Publication: Monitor Volume: 4 Issue: 141

The Chechen government’s campaign against “Wahhabis” in the republic may not be over. Its next victim may be Foreign Minister Movladi Udugov. As Ahmad Kadyrov, the Mufti of Chechnya, told the Monitor, “after Yandarbiev, Udugov is one of the most active proponents of ‘Wahhabism’ in Chechnya.” Kadyrov admitted that, earlier, both the Chechen authorities and the muftiate had tried to conceal sectarian disagreements from the public eye. But, he said, “the time came when this was no longer possible.” In Kadyrov’s opinion, the government will soon succeed in “reducing the Wahhabis’ influence to zero.”

Kadyrov’s position chimes with that of Chechen President Aslan Maskhadov. It therefore seems quite likely that Udugov may soon be forced to resign. The fact that the foreign minister, who used to give interviews to journalists almost every day, has been inaccessible to the media for a week, serves as indirect confirmation of his shaky position.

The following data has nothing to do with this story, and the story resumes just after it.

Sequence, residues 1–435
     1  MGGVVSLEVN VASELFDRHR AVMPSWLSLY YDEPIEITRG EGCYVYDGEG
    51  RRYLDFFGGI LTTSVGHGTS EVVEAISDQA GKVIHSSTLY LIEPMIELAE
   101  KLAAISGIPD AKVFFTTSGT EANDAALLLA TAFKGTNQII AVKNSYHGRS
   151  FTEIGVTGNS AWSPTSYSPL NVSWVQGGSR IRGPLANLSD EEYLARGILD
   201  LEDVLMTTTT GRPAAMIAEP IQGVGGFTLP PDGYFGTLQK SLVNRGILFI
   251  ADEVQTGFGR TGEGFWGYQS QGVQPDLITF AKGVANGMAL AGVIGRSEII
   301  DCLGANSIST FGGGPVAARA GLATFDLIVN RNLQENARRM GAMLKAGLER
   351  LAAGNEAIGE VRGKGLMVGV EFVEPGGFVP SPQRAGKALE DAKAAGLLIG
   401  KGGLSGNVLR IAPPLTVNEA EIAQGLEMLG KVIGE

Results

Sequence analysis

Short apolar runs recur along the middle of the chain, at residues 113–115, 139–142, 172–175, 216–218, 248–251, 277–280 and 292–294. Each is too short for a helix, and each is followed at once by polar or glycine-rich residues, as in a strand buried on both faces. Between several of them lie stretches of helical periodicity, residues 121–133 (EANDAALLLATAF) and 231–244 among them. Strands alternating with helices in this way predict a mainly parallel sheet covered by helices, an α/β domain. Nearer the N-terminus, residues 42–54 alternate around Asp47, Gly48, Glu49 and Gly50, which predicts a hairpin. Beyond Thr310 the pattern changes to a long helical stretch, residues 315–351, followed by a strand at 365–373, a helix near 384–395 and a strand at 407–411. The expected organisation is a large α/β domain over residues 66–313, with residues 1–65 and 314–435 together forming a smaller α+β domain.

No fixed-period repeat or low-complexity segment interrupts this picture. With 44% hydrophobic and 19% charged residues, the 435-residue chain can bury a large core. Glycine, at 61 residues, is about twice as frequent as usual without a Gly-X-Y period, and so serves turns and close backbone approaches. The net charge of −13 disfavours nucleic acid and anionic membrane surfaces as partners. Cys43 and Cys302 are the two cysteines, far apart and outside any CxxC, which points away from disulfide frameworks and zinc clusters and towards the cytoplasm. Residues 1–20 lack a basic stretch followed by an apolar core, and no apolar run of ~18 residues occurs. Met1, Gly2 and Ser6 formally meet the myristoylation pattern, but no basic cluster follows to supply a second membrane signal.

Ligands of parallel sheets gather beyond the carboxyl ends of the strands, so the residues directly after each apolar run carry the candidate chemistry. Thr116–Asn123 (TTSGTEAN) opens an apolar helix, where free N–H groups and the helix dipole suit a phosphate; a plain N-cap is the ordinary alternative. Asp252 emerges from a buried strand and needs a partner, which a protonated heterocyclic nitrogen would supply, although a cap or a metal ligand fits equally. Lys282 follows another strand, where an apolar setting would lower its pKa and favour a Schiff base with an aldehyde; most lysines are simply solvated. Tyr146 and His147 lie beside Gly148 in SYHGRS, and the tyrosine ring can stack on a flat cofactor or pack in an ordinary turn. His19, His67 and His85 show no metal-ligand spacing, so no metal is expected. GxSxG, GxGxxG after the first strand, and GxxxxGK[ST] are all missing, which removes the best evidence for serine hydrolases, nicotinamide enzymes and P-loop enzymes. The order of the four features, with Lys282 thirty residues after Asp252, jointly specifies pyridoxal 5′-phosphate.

Udugov’s resignation would mean the end of an epoch in the history of post-Soviet Chechnya. Udugov, a graduate of Moscow State University and a journalist by profession, was the main architect of the concept of Chechen independence. During the war, Udugov was Minister of Information and waged the propaganda war against Russia so brilliantly that even his enemy, then-Interior Minister Anatoly Kulikov, was forced to admit that “one Udugov was worth the entire propaganda staff of the Russian army.” On the eve of the presidential elections in Chechnya, it was Udugov who advanced the idea of creating an Islamic state in Chechnya.

Nonetheless, one can hardly consider the present conflict in Chechnya to be sectarian. What seems to be happening is that the moderate government of President Maskhadov is fighting against radicals who rule out the idea of compromise with Moscow. The government is trying to split the ranks of the radicals, and has succeeded in attracting even some of the “Wahhabis” to its side. Maskhadov has, for example, struck an alliance with field commander Emir Khattab, a Jordanian citizen who was once considered the main purveyor of “Wahhabism” from the Middle East. Significantly, Kadyrov sees Khattab not as a “Wahhabi” but as “just a soldier.” Maskhadov may even form a temporary alliance with maverick field commander Salman Raduev. According to NTV, a joint operation of Maskhadov’s and Raduev’s fighters is planned. The objective is to neutralize the “Wahhabi” camp in Urus-Martan. (NTV, July 22)